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The Department of Veterans Affairs’ Edward P. Boland VA Medical Center in Leeds, Mass.

The Department of Veterans Affairs’ Edward P. Boland VA Medical Center in Leeds, Mass. (Leon Nguyen, The Republican/TNS)

(Tribune News Service) — The top official in the Department of Veterans Affairs said in a phone call with Massachusetts Rep. James McGovern that the recommendation to close a veterans hospital in Northampton was based on incomplete data, according to a readout of the call provided by the congressman’s office.

During the call, VA Secretary Denis McDonough told McGovern that he was aware that the recommended closure of the Edward P. Boland VA Medical Center in Northampton may have been based on faulty data and said his department would rectify any possible errors before making a final assessment on the facility’s future.

McGovern expressed serious concern at the hospital’s possible closure, recommended in March as part of a nationwide review of VA facilities, his office said. The hospital serves more than 24,000 Central and Western Massachusetts veterans.

In the March report, federal officials said that if the hospital closed, its services could be dispersed to a VA clinic in Springfield, a VA hospital in Connecticut, and to civilian care providers in the community.

But in the wake of a report detailing the possible closure, the U.S. Government Accountability Office found that local providers may not be equipped to handle a sudden influx of patients from VA hospitals.

The congressional watchdog said it found gaps in the VA’s data collection during its review of facilities across the country. Federal officials used data that did not reflect the increased number of veterans eligible as of 2019 to access local care outside the VA system.

The result, according to the GAO’s assessment, was that the VA lacked “a full understanding” of community care providers’ ability to supplement VA care.

McDonough told McGovern that he recognized “the serious issues with the incomplete data used to make the recommendation,” according to the readout of the call provided by the congressman’s office. He assured McGovern that the Asset and Infrastructure Review Commission — the group tasked with making an assessment to President Joe Biden on the VA hospital’s fate — would have up-to-date information before making a final recommendation.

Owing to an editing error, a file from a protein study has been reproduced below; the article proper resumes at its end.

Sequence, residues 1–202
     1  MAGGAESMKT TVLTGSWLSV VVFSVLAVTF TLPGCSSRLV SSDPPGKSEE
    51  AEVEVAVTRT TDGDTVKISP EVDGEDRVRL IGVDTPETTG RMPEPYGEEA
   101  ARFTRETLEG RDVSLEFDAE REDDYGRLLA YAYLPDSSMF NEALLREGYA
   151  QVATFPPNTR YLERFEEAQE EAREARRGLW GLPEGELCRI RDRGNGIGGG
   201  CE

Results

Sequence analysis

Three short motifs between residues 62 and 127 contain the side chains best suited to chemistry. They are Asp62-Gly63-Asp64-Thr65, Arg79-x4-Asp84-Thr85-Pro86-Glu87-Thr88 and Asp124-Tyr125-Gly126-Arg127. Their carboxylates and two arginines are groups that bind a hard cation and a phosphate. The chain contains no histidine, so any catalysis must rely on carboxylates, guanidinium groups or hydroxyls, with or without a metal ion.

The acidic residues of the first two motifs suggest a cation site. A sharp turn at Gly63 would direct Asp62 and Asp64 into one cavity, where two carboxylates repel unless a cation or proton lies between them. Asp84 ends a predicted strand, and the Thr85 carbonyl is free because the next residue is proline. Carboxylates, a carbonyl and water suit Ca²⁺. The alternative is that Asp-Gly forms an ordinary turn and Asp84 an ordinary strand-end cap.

According to the call readout, McDonough also acknowledged significant upgrades made to the Northampton facility in recent years. Between completed, ongoing, and planned renovations, the hospital has invested more than $200 million in its facilities over the last several years.

McGovern’s office said the recommendation to close the hospital did not consider the recent upgrades.

Veterans across Western and Central Massachusetts have expressed grave concern in the past two months about the hospital’s future.

Some have said that they worry that civilian doctors do not have the training or experience working with service members to adequately treat them. Veterans fear the significant added drive time and transportation barriers they may face if forced to seek care at the next nearest hospital, which may be more than an hour from Northampton. Others have discussed the impact the hospital’s closure could have on formerly homeless veterans, who have found stability nearby the Northampton hospital after years of hardship.

Multiple elected officials, including McGovern, have said they fear veterans will stop getting treatment if the hospital’s services disappear from Northampton.

“This is fundamentally unfair,” state Sen. John Velis said at a rally at the hospital in March

“So many veterans use this place as a home. So many veterans get treatment at this facility,” the Westfield Democrat and chair of the Joint Committee on Veterans and Federal Affairs said. “This is absolutely wrong, and we can’t stand for it.”

The VA hospital’s closure remains far from certain.

The March report was mandated by the VA MISSION Act of 2018, which passed the House of Representatives and Senate with overwhelming bipartisan majorities before being signed into law by President Donald Trump.

Following the nationwide assessment of VA facilities, the Asset and Infrastructure Review Commission will now review the report and make its recommendations to the president early next year.

©2022 Advance Local Media LLC.


Distributed by Tribune Content Agency, LLC.

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